Add the sifted dry ingredients to the eggs in three batches, folding each one into the egg mixture with a rubber spatula until just a few streaks of white remain. Scrape the batter into the prepared pan and smooth it into an even layer, making sure to poke it into the corners. Bake until the cake is golden brown and it feels spongy not tacky to the touch, 14 to 16 minutes.
Make the filling: Beat the heavy cream and confectioners’ sugar in the bowl of an electric mixer (or in a bowl with a handheld mixer) until it is fluffy. Add the vanilla and continue beating until the cream holds soft peaks when the beater is lifted from it. Add the cream cheese half at a time and beat just until blended into the cream. Scrape down the sides of the bowl.
Line your work surface with a sheet of waxed or parchment paper. Invert the cake onto the paper and lift off the pan. Peel the paper off the top of the cake. Spread the jelly in an even layer over the cake, leaving a 1/2-inch border around the edges. Do the same with the cream cheese mixture. Starting at one of the short sides, roll the cake up into a compact roll, working gently to avoid tearing the cake or squeezing the filling out. Set the cake seam side down on a serving platter. Cover with plastic wrap and chill for at least 2 hours or up to 1 day before serving.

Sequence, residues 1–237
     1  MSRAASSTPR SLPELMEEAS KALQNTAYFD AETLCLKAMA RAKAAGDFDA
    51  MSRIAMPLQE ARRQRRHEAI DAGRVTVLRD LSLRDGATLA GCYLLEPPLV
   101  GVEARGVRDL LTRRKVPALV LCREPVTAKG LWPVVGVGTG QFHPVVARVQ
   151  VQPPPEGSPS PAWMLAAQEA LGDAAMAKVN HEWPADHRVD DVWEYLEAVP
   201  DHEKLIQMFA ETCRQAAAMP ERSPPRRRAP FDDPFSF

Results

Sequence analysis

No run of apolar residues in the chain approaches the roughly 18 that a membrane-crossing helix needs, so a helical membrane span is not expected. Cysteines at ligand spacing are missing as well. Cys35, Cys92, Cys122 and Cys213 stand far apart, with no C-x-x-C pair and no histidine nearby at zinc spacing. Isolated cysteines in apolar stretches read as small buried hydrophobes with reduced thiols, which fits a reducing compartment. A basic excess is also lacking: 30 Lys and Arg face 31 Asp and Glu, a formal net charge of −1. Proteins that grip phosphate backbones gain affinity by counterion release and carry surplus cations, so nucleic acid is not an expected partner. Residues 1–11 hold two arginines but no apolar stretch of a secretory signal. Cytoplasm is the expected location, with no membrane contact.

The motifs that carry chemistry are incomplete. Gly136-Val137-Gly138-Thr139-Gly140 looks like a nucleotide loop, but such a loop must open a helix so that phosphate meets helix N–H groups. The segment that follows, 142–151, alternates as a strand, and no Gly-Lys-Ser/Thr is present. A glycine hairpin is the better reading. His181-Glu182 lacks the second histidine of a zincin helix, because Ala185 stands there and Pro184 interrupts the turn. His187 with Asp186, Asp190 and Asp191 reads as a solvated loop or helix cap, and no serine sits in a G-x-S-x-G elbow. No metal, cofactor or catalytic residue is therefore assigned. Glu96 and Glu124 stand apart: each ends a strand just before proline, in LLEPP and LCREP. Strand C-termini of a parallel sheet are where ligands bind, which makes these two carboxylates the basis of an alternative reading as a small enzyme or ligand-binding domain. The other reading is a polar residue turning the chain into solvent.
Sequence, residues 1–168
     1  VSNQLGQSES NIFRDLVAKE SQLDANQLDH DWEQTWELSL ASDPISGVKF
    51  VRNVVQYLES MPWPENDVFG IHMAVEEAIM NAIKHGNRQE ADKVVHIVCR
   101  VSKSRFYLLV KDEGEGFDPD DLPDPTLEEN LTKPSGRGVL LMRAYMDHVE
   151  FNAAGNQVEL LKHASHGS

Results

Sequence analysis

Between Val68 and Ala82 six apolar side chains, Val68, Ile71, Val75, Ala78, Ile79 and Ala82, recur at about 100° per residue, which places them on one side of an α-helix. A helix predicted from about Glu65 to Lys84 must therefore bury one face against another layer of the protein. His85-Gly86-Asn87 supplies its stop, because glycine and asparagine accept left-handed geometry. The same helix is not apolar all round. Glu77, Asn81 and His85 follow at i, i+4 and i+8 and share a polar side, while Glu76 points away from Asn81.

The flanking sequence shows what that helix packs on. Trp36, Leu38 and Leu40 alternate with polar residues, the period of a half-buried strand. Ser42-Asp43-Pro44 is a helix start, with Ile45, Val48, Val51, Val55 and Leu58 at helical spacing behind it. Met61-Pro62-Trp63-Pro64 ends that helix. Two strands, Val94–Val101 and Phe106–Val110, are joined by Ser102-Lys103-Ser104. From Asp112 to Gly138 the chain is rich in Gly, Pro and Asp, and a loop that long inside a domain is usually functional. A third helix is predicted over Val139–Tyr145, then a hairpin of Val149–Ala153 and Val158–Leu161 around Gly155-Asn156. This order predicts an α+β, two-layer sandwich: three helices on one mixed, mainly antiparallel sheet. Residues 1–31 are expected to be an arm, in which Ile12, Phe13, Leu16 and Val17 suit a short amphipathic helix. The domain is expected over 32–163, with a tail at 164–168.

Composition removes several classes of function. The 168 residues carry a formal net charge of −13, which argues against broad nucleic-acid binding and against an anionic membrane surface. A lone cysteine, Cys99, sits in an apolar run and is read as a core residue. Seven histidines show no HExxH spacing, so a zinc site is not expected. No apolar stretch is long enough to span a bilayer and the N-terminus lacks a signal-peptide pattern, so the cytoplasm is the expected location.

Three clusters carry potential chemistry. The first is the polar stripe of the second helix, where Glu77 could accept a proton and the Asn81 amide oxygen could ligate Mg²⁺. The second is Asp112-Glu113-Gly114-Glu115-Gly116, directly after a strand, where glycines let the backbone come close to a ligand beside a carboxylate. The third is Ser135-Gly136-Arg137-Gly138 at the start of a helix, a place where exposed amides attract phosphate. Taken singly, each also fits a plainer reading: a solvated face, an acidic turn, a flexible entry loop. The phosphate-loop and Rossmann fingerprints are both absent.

To serve, sprinkle a dense coating of confectioners’ sugar over the cake. Cut into 1-inch slices.
To learn more about Daisy Martinez, visit her Web site: Daisycooks.com
Excerpted from "Daisy Cooks!" by Daisy Martinez. Copyright © 2005 by Daisy Martinez. Published by Hyperion Books. All rights reserved. No part of this excerpt can be used without permission of the publisher.
Daisy's Recipes: Guacamole
Makes about 2 cups, enough for 8 or so as a dip.
4 to 5 small Haas avocados
Juice of half a lime
1 cup chopped fresh cilantro
1 plum tomato, cored, seeded, and chopped
1 small Spanish onion, chopped fine
1 jalapeno, cored, seeded and chopped fine
2 cloves garlic, chopped fine
Freshly ground black pepper
Fine sea or kosher salt